Java moos (Taxiphyllum Barbieri) is slow-growing, but tough moss. It looks stunning when attached to rocks and other driftwood. Some of the moss can be attached to a wire mesh to make a fuzzy carpet, or even a moss wall. Unlike the previous three plants, java moss does not have a rhizome or roots but rather spreads by growing “sticky” rhizoids that grip onto surfaces.
With fish that constantly dig to find food or establish spawning sites, it may seem impossible to keep plants that grow from the substrate. However, there are a few species of plants that can be kept grounded by fish that dig for food or establish spawning sites.
A forest for vallisneria
Vallisneria is one of the few plants found growing in the wild in Lake Tanganyika and does well with higher pH and GH. Many varieties are available for sale in the hobby, including Vallisneria spiralis and its bigger cousin Vallisneria americana. This grass-like plant grows very tall and does an excellent job of blocking line of sight to minimize aggression. Plus, it proliferates quite rapidly and can transform your fish tank into an underwater jungle for your fish to weave in and out of. For extra protection, we like to leave the vallisneria inside their original plastic pots with a few root tabs. Easy Green all-in one fertilizer can be added to the water. Once the plant starts producing runners, it will spread out across the substrate like a daisy chain. Once you have a thick forest of val and the roots are firmly attached, then add the fish. The full article explains how to set up an African Cichlid Tank with Vallisneria.
Crinum calomistratum also known as African onion plant is a slow-growing bulb plants that prefers alkaline water. It’s a great centerpiece plant for bigger aquariums because it has tough, crinkly leaves that can grow up to 4 feet (1.2 m) long. To prevent the bulb from being thrown away, place it on top of the substrate. The crinum may not be used to your water conditions and the leaves may start to melt. If you keep the bulb in low to moderate light and don’t move it, it will begin to make long, ruffled tendrils reaching all the way to your water surface.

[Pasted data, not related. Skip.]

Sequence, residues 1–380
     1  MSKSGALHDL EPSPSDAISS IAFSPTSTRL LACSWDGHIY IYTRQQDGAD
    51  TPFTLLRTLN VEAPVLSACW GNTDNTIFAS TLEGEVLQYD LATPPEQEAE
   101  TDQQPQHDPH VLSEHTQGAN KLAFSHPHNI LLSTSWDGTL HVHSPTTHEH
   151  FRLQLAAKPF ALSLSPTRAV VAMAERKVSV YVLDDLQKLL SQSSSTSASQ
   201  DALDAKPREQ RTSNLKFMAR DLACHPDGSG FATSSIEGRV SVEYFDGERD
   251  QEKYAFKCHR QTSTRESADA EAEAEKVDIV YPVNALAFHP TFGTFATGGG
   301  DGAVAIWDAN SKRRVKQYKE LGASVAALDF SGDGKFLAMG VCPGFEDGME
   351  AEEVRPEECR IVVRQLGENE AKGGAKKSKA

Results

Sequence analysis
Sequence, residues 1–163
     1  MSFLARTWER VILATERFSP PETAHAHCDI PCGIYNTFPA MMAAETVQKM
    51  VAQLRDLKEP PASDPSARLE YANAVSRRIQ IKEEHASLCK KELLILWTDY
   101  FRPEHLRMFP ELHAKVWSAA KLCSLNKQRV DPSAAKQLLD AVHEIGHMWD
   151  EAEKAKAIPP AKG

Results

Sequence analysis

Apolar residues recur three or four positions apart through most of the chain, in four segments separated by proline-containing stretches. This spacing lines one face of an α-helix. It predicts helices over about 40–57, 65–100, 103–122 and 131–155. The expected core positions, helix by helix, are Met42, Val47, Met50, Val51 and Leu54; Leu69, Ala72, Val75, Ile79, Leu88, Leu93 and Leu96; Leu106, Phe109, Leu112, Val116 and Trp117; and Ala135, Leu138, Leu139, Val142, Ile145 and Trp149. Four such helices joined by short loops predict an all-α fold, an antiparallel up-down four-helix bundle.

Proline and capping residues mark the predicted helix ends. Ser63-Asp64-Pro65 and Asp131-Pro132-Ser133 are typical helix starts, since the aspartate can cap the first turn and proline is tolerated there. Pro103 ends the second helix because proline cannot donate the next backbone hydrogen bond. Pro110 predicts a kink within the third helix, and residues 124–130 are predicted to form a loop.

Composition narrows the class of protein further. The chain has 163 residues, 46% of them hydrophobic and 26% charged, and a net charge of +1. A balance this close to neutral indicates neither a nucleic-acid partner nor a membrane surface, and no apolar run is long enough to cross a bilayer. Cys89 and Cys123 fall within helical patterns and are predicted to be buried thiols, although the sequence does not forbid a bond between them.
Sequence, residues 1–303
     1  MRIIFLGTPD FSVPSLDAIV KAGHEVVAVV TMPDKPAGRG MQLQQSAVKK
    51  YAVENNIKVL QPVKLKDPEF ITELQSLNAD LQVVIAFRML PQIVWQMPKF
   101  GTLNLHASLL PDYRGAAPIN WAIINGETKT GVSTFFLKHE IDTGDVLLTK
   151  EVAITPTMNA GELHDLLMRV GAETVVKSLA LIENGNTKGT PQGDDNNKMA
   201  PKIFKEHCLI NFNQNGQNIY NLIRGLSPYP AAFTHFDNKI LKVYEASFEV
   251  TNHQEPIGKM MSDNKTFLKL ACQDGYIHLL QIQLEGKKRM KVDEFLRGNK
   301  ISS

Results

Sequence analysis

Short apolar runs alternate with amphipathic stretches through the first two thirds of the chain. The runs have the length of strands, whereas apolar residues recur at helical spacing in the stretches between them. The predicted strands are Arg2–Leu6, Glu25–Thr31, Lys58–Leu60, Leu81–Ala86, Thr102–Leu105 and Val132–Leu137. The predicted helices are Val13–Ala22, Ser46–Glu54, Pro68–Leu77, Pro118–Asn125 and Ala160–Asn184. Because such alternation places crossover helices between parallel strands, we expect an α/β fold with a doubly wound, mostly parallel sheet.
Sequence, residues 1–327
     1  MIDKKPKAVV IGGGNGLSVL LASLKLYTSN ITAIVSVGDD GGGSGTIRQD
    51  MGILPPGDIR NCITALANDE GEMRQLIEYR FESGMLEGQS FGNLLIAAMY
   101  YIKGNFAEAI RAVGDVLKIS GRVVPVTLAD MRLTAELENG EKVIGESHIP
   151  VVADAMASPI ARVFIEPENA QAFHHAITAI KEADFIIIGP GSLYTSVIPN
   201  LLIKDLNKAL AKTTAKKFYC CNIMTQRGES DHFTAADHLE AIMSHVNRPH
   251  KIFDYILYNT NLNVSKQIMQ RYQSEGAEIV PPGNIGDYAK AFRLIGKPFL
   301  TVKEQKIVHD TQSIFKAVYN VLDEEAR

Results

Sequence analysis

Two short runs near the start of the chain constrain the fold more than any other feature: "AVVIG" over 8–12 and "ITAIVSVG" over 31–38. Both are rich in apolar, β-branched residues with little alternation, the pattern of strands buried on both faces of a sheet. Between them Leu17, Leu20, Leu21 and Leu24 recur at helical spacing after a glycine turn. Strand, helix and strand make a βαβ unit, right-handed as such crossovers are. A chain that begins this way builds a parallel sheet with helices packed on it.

Amazon sword surrounded by rocks to prevent goldfish from uprooting it
Sword plants – like the Amazon sword, red flame sword, and red melon sword – get the nickname of “tank busters” because they have large, broad leaves and extensive roots that can grow to take over an entire medium-sized aquarium. They can be easily rooted if they have established roots before adding African cichlids. While melting might occur at first when the plant is introduced to an aquarium’s water, this will quickly disappear if you give it lots of root tabs or nutrients. We prefer to use the Easy Planter instead. This allows the decorations and rockwork to be moved easily as the plant grows.
If your cichlids seem determined to eat all the vegetation available, your best option is to create emersed plants in your tank.
are all plants that we have grown with their leaves above the water and their roots in the water. The aquarium allows the plants to draw nutrients and keeps the leaves safe from hungry fish. Most of the time, the fish seem to leave the roots alone, but if they keep nibbling on them, consider placing the plant in a hang-on-back filter or a plant basket that hooks onto the aquarium rim.
Pothos leaves sprouting roots in water without substrate
Although none of these plants are guaranteed to be cichlid-proof, we do hope at least some of them will work in African cichlid tanks. Smaller cichlids are often less destructive than larger ones, so check out our list of top 10 cichlids we love to keep in a 29-gallon fish tank.